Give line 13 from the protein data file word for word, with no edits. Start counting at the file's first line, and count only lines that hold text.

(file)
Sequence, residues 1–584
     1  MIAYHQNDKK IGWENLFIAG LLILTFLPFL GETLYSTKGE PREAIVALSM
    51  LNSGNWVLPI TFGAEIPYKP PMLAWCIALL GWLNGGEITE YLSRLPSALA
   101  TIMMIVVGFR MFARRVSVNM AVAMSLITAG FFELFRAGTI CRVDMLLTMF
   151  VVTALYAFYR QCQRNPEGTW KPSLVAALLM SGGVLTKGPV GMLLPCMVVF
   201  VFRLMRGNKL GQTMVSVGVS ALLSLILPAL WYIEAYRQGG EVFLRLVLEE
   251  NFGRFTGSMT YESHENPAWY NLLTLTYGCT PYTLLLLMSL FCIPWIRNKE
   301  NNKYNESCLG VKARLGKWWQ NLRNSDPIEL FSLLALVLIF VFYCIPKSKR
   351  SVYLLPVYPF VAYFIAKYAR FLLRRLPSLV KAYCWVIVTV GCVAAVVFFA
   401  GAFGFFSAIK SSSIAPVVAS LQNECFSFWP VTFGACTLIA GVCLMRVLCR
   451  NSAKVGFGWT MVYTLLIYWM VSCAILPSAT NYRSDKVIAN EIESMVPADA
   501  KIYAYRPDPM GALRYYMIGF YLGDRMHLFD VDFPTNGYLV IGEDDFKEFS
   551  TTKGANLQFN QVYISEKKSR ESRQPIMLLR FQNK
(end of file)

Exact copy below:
   551  TTKGANLQFN QVYISEKKSR ESRQPIMLLR FQNK